Community Nursing

Community Nursing

Physical Effects of Caring for a Patient with Multiple Sclerosis
Caring for a relative with multiple sclerosis can significantly affect the physical well-
being of those providing care (Ramagopalan & Sadovnick, 2011). In most cases, it is usually a
collective responsibility of other family members who are expected to concentrate on the sick.
Irrespective of needed support, taking care of a person with multiple sclerosis can be challenging
and involves cleaning, moving them around and interruption of sleep. The paper evaluates the
physical effects that Geoff is likely to present while caring for his wife that suffers from multiple
sclerosis (MS) based on a presented case scenario.
Geoff’s Care Burden as a Primary Care
Evidence-based practices indicate that caregivers endure so much in their everyday
endeavors as far as caring for the sick are concerned. Caring for a Multiple Sclerosis patient has
not been an easy thing for Geoff who is certainly giving up largely because of the distress and
hopelessness of Karen’s deteriorating condition. In reality, the increased responsibility threatens
to impair not just Geoff’s everyday schedule but piles the mental stress that may lead to other
complications (Wood et al., 2012).
Increase Responsibility and Increase Work Hours to Meet the Financial Need for the
Geoff is under intense pressure to juggle the demands of work and home responsibilities.
At home, for instance, Geoff has to cook for Karen and children and ensures that Karen takes a
bath with his assistance. This is evident for instance when Geoff goes to work late in the morning
and also comes home late after work, perhaps because he has to work overtime to meet family
obligations. The suggestion that Geoff is increasingly helpless about Karen’s current condition


and what the future holds for the family explains just how excruciating the experience presents.
The assertion that “I just don’t think I can do this anymore” demonstrates how depressed Geoff
is and this trend is obviously leading to a change in physiological health habits (Hughes, Locock
& Ziebland, 2013).
Health Related Issues with Geoff
The concentration of caregiving afforded by Geoff to Karen is highly likely to lead to
other health related issues, whether quantified in terms of the amount of care provided (Simpson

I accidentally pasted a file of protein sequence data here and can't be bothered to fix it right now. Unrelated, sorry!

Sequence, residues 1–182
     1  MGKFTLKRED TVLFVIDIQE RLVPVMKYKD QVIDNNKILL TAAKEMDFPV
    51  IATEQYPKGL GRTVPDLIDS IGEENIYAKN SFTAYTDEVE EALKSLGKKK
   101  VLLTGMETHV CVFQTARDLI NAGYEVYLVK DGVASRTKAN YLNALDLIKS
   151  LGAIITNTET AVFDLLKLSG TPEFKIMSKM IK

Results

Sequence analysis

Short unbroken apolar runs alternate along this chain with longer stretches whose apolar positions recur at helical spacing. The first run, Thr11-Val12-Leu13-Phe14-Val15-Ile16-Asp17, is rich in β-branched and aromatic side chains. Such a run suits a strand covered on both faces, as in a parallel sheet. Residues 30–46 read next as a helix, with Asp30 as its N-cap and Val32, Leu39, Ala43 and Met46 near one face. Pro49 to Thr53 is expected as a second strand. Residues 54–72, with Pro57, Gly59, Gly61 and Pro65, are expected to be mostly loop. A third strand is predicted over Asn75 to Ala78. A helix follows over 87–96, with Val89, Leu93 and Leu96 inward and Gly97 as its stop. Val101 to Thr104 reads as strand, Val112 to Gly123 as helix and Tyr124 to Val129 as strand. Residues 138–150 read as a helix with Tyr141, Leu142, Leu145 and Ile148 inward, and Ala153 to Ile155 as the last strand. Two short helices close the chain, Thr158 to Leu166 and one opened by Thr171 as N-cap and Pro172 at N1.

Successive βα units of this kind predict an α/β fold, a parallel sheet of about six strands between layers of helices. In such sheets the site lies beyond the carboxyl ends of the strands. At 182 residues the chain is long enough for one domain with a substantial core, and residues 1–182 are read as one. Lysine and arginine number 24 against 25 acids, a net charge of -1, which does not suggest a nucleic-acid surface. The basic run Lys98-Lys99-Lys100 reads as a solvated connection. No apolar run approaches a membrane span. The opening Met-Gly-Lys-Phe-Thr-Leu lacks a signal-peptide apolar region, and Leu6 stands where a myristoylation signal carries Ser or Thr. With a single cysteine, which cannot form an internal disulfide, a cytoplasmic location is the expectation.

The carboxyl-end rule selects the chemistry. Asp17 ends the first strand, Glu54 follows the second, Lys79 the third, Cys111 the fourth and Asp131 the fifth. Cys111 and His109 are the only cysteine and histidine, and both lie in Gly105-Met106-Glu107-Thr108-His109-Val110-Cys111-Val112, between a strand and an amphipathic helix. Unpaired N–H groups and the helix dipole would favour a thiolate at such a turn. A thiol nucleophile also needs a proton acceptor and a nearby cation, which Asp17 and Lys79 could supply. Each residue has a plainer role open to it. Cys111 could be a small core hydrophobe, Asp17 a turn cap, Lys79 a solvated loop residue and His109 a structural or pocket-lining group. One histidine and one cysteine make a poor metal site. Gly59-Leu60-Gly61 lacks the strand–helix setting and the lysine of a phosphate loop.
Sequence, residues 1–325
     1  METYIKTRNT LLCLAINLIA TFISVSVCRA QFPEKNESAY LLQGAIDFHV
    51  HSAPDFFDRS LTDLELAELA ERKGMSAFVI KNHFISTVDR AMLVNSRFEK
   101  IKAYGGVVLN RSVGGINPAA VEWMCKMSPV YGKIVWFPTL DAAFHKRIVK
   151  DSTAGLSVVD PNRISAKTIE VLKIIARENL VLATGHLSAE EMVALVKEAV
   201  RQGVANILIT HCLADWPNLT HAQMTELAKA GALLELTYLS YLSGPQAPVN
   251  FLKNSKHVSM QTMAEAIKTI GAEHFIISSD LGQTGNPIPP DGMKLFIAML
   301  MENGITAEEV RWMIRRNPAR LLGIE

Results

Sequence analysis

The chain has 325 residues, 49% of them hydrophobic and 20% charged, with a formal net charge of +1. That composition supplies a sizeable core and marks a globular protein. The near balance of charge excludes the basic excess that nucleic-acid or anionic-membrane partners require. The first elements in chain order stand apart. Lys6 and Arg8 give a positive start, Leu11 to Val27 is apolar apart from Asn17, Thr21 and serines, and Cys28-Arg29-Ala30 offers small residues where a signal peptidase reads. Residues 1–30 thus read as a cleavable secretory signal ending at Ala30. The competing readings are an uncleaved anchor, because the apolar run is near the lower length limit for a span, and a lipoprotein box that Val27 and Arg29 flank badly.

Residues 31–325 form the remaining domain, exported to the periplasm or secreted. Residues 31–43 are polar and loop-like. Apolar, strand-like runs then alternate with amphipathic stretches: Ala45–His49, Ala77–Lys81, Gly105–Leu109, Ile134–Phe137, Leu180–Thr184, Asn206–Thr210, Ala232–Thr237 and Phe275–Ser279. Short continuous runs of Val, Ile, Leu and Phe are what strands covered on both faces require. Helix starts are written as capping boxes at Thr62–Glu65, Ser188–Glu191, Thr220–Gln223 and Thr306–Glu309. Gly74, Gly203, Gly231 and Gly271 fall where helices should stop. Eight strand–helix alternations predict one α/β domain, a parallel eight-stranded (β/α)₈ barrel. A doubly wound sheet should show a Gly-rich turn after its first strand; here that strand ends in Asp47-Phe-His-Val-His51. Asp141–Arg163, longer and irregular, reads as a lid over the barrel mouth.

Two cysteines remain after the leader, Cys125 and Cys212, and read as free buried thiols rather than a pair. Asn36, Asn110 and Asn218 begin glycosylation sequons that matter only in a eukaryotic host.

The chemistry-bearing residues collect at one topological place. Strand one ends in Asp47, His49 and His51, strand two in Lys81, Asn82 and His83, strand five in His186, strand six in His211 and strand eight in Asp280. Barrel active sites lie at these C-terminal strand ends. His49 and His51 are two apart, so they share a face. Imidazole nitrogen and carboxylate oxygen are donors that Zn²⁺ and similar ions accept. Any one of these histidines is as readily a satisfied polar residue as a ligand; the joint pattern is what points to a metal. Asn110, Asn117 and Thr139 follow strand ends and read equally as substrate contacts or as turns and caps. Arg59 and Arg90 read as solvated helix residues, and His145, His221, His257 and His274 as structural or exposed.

et al., 2011). Karen’s suffering has a bearing on Geoff’s wellbeing as well. What is more
challenging is the fact that while Geoff is dedicated to providing the needed help to Karen, her
condition seems to get even worse. In reality, it becomes frustrating laboring to provide help that
is unable to enhance the quality of care, an aspect that culminates into negative health effects
(Palmer, 2011).
Other health issues associated with Geoff include Karen behavior, mental impairment,
functional disability; constant supervision of Karen to control self-injuries. In addition, Geoff is
not only depressed but also distressed, which may adversely affect his physical health. For
instance, based on the case, Geoff feels that their lives are falling apart due to Karen’s
deteriorating condition. According to Jones et al., (2012) caring for a patient with multiple
sclerosis is extremely challenging because the patient requires close supervision and depressed
due to the changing condition. Based on the case, Karen finds it harder to look after her family
while remaining positive about her new condition. These aspects are connected to adverse career
outcomes (Latimer-Cheung et al., 2013).
Family Disturbance and Unhappiness with Relationship and Sexual Issues


As a result of Karen’s condition is likely to affect their sex relationship, family
disturbance, and unhappiness. In the recent past, studies have concentrated on caring for a spouse
leading to distress and carer’s perception of the level of pain the patient is experiencing (Bowen,
MacLehose & Beaumont, 2011). In this case, Karen’s suffering is depicted in different ways;
evident physical signs like blurred vision, unable to hold her walking sticks, dragging her left
foot and difficulty in holding heavy objects. Additionally, Karen’s voice is becoming weak,
especially; when she talks she cannot be heard. Karen’s suffering can lead to Geoff’s depression.
It is evident that due to increased burden of caring for Karen and other family responsibilities he
is not only powerless but also worried about their future.
Geoff’s Care Burden as a Primary Care
The physical health of the primary carer is adversely affected due to Karen current
condition. Increased stress levels, anxiety, and psychological health issues are common (Bozic et
al., 2011). Much as Geoff has increased levels of depression, past studies demonstrate that he
may present remarkable signs of depression (Sellner et al., 2011). In addition, depression and the
burden of caring for Karen may reduce Geof’s functional condition. Therefore, significant levels
of depression are common among people caring for patients with multiple sclerosis (Mansell,
Beadle-Brown & Bigby, 2013). Furthermore, the majority of carer’s are depressed as well as
psychological stress (Langdon, 2011). Anxiety and depression in primary carers can worsen,
particularly if the patient is placed in a nursing home. The majority of primary carer’s that
institutionalize a family member present high levels of depression similar to those when the
patient was at home (Wingerchuk & Carter, 2014). A depressed career may have chronic
disorders, dependence on drugs and anxiety disorder. On the other hand, depression is a primary
condition related to suicidal thoughts (Benedict & Zivadinov, 2011).


Risk of Injury
As a family caregiver, Geoff is faced with the risks of medical depression because of
caring for Karen who requires physical needs. As such, Geoff is highly likely to engage in
detrimental behavior toward their loved one. Moreover, Geoff is also at an increased risk for
poor physical health outcomes owing to depressive symptoms and mental health issues among
caregivers, coupled with the physical pressure of caring for Karen who can hardly undertake on
everyday activities like taking a shower, cooking, and other individualized activities. The
beehive of activities that have a toll order on Geoff’s physical wellbeing in terms of increased
rates of physical ailments such as; acid reflux, headaches and other discomforts. Moreover, these